The metal has historically provided a safe haven for investors spooked by market volatility and political and economic uncertainties. Moreover, given the low-to-negative correlation between the price movements of gold and the performance of virtually all other conventional asset classes, gold offers investors nice portfolio diversification, as well as high liquidity and risk control within a larger portfolio of stocks and bonds. However, the gold market itself can be extremely volatile.
SLIPPERY TREASURE. Leo Larkin, Standard & Poor's equity metals and mining analyst, sees the positive environment for gold and gold stocks that began in the spring of 2001 continuing. Larkin cites several primary reasons for the favorable climate: the continuing weakness of the U.S. dollar, signs of inflation entering the economy, lackluster returns from the overall equity markets, and the widening gap between the production and consumption of gold as demand increases and supply remains stagnant or decreases.
Nonetheless, many investors have found it difficult to invest in the shiny metal, while others dislike its unpredictability and volatility. Prospective investors had a handful of ways in which to enter the gold markets: buying an individual gold stock (risky, because investors bet on not only higher gold prices but also the good performance of the selected company's management), buying a gold mutual fund (more stable than owning a single stock, but still highly volatile), and purchasing physical gold, usually in the form of coins or bars (very expensive to store, transport, and insure).
Now, investors have a novel way of dipping into gold's bounty: exchange-traded funds (ETFs) focused on gold. StreetTRACKS Gold Shares (GLD
) launched in November, 2004, the first U.S.-based gold ETF. The portfolio has already attracted more than $2 billion in assets, including $1 billion alone in its first three days. With gold on the rise, the timing has been good. Another gold ETF, the iShares COMEX Gold Trust (IAU
), came on the market in late January, 2005.
BULLION VS. STOCK. Both these ETFs own actual gold bullion and make no investments in stocks of gold companies. In terms of objective, they simply seek to track the price performance of the commodity, minus fees and expenses.
Investing in gold bullion differs significantly from owning gold-mining stocks. Whereas buying a gold producer represents a leveraged play on the price of gold, the investor also has to select the right company and weigh geopolitical risks. Also, when gold prices decline, gold stocks tend to fall faster and harder than the underlying commodity price. In calendar 2000, the last "down" calendar year for gold, the price of bullion declined from $290.25 per ounce to $274.45 per ounce, a 5.4% drop. The average gold stock fund plummeted 17.8%. On the flip side, returns on gold stock funds often outpace the rise in bullion price.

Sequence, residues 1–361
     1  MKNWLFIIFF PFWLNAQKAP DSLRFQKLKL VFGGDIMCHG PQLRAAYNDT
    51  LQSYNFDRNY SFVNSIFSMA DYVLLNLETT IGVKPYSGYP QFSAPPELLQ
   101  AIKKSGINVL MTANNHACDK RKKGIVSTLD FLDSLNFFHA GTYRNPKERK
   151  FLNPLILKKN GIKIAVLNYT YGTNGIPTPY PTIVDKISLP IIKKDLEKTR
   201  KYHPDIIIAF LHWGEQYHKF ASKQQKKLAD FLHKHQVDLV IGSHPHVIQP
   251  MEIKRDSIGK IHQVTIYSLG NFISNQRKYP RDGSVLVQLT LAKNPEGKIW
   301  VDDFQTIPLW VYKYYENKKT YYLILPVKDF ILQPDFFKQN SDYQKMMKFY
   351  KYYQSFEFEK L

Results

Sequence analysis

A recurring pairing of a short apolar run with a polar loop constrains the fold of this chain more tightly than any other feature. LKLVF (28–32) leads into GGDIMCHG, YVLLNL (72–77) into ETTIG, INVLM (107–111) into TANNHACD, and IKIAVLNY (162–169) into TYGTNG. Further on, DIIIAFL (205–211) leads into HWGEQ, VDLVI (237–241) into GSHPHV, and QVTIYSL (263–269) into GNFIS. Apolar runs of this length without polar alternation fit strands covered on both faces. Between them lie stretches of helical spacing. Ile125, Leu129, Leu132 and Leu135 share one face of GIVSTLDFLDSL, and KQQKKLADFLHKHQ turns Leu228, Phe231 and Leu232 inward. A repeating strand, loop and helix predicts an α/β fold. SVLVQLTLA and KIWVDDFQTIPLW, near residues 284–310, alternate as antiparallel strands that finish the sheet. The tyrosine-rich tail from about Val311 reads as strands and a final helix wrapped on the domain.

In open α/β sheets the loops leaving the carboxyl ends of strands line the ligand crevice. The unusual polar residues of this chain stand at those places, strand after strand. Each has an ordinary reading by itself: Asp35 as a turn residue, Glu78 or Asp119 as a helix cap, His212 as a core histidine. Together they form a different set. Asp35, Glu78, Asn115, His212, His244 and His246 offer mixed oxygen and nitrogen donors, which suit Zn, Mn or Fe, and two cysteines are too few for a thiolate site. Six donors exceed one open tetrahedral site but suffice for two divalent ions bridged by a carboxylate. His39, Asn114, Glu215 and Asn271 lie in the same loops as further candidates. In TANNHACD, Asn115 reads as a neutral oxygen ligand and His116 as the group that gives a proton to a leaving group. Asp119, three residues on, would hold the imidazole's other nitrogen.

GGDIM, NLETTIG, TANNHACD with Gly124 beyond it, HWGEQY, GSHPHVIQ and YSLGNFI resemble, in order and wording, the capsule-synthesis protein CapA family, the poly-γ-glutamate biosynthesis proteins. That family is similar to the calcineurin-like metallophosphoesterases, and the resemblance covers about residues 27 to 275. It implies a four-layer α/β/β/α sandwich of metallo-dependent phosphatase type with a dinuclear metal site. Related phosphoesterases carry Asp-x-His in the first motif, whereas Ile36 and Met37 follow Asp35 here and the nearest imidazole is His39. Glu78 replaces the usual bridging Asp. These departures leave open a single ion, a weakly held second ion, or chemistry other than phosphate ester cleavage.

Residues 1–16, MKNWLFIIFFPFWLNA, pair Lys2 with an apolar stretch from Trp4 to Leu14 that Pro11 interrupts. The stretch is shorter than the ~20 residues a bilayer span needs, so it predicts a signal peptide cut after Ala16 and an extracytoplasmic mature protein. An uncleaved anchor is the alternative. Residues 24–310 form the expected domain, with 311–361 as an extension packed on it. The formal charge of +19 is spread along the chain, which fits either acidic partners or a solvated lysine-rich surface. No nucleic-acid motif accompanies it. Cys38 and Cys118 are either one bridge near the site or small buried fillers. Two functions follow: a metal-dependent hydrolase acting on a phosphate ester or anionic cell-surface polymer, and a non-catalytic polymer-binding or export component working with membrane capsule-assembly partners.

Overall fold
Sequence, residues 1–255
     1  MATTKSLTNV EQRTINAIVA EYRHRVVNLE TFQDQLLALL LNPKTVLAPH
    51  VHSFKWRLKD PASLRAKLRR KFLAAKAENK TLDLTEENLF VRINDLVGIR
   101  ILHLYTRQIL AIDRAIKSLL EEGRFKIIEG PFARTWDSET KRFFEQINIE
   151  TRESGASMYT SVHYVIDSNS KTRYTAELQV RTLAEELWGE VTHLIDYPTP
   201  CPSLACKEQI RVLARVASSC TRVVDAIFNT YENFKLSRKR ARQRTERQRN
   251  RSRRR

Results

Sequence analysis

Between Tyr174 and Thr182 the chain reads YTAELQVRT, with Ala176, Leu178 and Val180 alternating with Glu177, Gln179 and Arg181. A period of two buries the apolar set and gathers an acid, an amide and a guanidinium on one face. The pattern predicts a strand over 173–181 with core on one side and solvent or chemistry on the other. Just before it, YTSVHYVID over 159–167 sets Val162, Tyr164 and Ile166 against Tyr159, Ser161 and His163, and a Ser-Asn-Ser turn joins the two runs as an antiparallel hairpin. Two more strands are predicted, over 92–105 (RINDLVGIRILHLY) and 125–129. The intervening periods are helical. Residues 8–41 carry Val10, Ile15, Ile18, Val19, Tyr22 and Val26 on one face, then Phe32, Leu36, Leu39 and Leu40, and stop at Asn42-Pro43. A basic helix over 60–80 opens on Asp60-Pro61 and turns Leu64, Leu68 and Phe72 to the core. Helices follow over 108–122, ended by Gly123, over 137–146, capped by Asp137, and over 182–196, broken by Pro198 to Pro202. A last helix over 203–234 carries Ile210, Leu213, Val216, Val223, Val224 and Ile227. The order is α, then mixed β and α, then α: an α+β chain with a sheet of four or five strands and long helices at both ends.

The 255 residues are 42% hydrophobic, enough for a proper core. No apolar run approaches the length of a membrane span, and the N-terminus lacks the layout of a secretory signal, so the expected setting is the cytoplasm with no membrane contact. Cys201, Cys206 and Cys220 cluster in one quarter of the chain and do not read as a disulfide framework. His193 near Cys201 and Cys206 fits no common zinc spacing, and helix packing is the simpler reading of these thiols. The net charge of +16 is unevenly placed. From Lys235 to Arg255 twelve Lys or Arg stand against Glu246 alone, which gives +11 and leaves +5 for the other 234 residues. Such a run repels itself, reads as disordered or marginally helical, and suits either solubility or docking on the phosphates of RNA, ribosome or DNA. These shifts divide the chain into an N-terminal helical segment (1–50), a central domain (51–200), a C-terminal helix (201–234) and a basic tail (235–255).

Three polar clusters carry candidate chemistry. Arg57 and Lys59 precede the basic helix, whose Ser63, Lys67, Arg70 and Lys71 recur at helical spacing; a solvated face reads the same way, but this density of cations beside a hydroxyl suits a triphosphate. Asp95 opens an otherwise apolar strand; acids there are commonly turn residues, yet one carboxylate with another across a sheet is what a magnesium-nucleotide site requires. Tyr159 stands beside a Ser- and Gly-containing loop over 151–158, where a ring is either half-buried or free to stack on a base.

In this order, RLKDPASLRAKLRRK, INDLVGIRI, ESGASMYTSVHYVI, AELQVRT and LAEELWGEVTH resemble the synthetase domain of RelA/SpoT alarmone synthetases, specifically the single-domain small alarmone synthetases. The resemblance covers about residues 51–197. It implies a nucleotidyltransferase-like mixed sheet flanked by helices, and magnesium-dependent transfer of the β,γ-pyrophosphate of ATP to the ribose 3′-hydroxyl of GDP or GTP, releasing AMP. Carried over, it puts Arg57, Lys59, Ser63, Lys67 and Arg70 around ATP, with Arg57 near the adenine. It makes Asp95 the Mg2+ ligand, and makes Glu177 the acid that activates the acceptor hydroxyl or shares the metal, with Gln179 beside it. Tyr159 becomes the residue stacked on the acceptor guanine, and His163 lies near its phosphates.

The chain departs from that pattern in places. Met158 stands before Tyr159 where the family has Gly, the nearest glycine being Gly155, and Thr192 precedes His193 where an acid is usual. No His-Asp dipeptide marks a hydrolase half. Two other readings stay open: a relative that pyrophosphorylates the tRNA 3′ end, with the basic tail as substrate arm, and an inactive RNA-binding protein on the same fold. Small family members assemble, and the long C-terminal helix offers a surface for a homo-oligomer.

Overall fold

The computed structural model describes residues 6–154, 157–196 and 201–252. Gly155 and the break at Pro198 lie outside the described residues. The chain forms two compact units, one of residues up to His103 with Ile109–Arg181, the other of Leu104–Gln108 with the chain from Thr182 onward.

Interestingly, in the most recent 12-month period through Feb. 28, 2005, the average gold stock fund edged up only 0.5%, while the price of gold rose about 10%. Over the three-year period, though, the average precious-metals fund showed a healthy 26.6% annualized gain, while gold itself returned 13.6%.
HIGHER TAX RATE. Larkin believes gold stocks' performance will likely "track the overall market this year, though not necessarily outperform it." He currently has a "neutral" outlook on gold stocks as a group.
Despite the bull market gold is currently enjoying, investors should recall that prices were uninspiring for much of the 1990s, leading mining companies to cut production. Also, gold has a long way to go to reach its all-time peak price of $800 per ounce, achieved in the early 1980s.
Investors should also understand the tax consequences of owning gold ETFs. The IRS categorizes gold investments held for more than one year as "collectible," and taxes it at a higher long-term capital-gains rate of 28%, instead of the 15% rate applied on other investments.
Two Gold ETFs
iShares COMEX Gold Trust
Barclays Global Investors
streetTRACKS Gold Shares
World Gold Council
Ghosh is a reporter for Standard & Poor's Fund Advisor